Type theory question...
I've been thinking (and reading) about dependent types and related topics (Calculus of constructions, ML type theory, and so on).
First, I'd like to say how really clear and useful I found the second chapter of ATTAPL ("Dependent Types" by Aspinall and Hofmann). Their presentation of the CoC really clarified things for me. The extra overhead of the Prf type constructor and the distinction it draws between Π-types and ∀ terms was pretty instructive to me (I'd previously seen the CoC with only λ and ∀, as it's presented here). Obviously I've hardly gotten my feet wet, but as an introduction, I highly recommend this article.
But I'm left with a question that I hope someone here can answer. I'm confused by the standard terminology for Π- and Σ-types, "dependent products" and "dependent sums," respectively. For the life of me I can't fathom what these types have to do with anything I've normally thought of as a product or a sum. The product seems to be a function type, and the sum seems (against all common sense) to be a product! And in fact, to make matters even worse, what I generally think of as a "sum" (logical disjunction or variant types) seems to be most easily defined in terms of dependent product.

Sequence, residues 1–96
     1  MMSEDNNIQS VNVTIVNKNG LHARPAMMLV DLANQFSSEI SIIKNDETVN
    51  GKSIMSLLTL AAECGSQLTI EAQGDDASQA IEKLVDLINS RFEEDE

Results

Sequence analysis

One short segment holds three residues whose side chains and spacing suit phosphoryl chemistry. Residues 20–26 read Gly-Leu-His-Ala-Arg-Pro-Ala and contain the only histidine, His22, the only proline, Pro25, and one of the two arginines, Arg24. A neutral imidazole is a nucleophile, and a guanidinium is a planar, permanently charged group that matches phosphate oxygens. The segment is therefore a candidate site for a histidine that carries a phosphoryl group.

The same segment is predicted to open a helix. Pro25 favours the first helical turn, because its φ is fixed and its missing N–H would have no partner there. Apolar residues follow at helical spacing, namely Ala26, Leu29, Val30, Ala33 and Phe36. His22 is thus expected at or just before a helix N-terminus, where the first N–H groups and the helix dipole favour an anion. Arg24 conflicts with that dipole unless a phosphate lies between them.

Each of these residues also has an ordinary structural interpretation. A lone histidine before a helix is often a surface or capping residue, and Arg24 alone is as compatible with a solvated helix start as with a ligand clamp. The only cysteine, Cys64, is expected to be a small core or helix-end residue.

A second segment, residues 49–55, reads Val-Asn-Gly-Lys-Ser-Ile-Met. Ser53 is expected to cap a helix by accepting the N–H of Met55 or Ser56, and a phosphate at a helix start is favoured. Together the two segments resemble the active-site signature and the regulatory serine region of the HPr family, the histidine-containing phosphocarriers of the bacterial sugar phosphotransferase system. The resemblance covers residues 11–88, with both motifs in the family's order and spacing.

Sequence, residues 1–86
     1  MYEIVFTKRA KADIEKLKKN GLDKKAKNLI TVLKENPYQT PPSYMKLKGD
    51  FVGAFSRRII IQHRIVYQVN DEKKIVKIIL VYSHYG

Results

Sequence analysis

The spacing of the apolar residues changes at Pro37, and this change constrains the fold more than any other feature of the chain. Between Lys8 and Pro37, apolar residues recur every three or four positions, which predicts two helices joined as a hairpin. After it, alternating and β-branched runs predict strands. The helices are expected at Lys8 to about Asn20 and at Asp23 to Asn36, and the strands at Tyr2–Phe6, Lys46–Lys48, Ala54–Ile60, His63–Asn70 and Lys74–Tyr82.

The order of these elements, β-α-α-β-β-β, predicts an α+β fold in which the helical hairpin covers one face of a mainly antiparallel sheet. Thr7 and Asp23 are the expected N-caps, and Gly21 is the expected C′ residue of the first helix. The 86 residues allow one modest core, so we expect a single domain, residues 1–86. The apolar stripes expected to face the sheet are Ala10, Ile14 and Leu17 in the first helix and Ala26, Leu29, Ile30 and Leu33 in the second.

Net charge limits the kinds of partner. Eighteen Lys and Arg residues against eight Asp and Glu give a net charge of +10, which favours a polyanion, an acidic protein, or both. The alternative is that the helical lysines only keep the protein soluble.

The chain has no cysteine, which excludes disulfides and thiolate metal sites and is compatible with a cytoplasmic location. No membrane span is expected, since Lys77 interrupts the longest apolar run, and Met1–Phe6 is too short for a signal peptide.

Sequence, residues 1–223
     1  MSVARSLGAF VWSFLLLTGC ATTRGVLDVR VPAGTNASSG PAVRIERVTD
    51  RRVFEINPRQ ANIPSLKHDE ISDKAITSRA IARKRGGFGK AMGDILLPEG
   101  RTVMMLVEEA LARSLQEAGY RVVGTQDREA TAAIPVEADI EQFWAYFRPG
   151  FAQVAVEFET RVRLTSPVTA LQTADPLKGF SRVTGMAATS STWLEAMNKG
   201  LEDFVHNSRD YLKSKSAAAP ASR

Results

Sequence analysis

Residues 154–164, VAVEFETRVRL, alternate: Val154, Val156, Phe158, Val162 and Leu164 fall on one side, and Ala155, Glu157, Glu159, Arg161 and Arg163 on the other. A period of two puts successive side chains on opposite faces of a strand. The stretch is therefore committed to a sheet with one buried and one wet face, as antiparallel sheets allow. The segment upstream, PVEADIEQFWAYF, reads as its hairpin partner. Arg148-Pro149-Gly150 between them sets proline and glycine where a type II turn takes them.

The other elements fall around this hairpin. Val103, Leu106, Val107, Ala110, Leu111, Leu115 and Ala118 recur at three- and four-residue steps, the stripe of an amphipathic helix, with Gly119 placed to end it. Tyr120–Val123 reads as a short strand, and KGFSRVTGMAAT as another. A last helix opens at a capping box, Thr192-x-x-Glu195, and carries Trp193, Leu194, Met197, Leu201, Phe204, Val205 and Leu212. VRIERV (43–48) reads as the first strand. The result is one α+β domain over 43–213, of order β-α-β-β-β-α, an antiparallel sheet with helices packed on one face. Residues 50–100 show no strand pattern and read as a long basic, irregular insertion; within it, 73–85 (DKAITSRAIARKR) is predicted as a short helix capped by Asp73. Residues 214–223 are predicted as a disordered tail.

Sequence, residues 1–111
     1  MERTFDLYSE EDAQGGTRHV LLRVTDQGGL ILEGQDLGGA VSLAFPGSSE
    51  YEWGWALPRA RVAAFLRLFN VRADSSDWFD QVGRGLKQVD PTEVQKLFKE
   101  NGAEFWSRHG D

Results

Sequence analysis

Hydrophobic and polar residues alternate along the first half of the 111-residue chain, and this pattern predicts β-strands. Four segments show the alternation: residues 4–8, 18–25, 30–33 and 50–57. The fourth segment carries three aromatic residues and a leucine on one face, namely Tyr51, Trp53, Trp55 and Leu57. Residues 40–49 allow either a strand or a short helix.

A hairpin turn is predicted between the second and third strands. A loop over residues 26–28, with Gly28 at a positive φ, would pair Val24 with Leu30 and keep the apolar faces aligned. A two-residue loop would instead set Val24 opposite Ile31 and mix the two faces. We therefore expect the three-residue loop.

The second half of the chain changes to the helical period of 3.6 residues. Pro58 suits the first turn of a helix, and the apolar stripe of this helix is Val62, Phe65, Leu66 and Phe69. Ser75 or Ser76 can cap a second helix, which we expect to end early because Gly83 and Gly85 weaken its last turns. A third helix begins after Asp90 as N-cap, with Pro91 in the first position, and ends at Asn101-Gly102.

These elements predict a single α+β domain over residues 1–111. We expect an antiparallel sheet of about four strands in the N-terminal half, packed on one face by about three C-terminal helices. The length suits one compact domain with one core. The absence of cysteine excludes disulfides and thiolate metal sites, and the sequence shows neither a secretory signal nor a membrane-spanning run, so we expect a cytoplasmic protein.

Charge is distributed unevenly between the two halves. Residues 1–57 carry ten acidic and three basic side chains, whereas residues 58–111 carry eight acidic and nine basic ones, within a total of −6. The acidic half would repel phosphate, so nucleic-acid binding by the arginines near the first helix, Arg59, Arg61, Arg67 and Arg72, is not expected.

I guess I'm not alone in finding this confusing. This post on the types list is relevant, but doesn't really help me understand the logic (no pun intended) behind the standard terminology, and the observation that "the dependent product type was in fact a sum type" really highlights my lack of insight.
This might also be relevant (from here), but honestly I'm not even sure anymore! I really hope someone can clarify this for me, even if only from a historical perspective...
[Ehud, I'm not really sure if this kind of thing is appropriate for the front page... Any guidance?]
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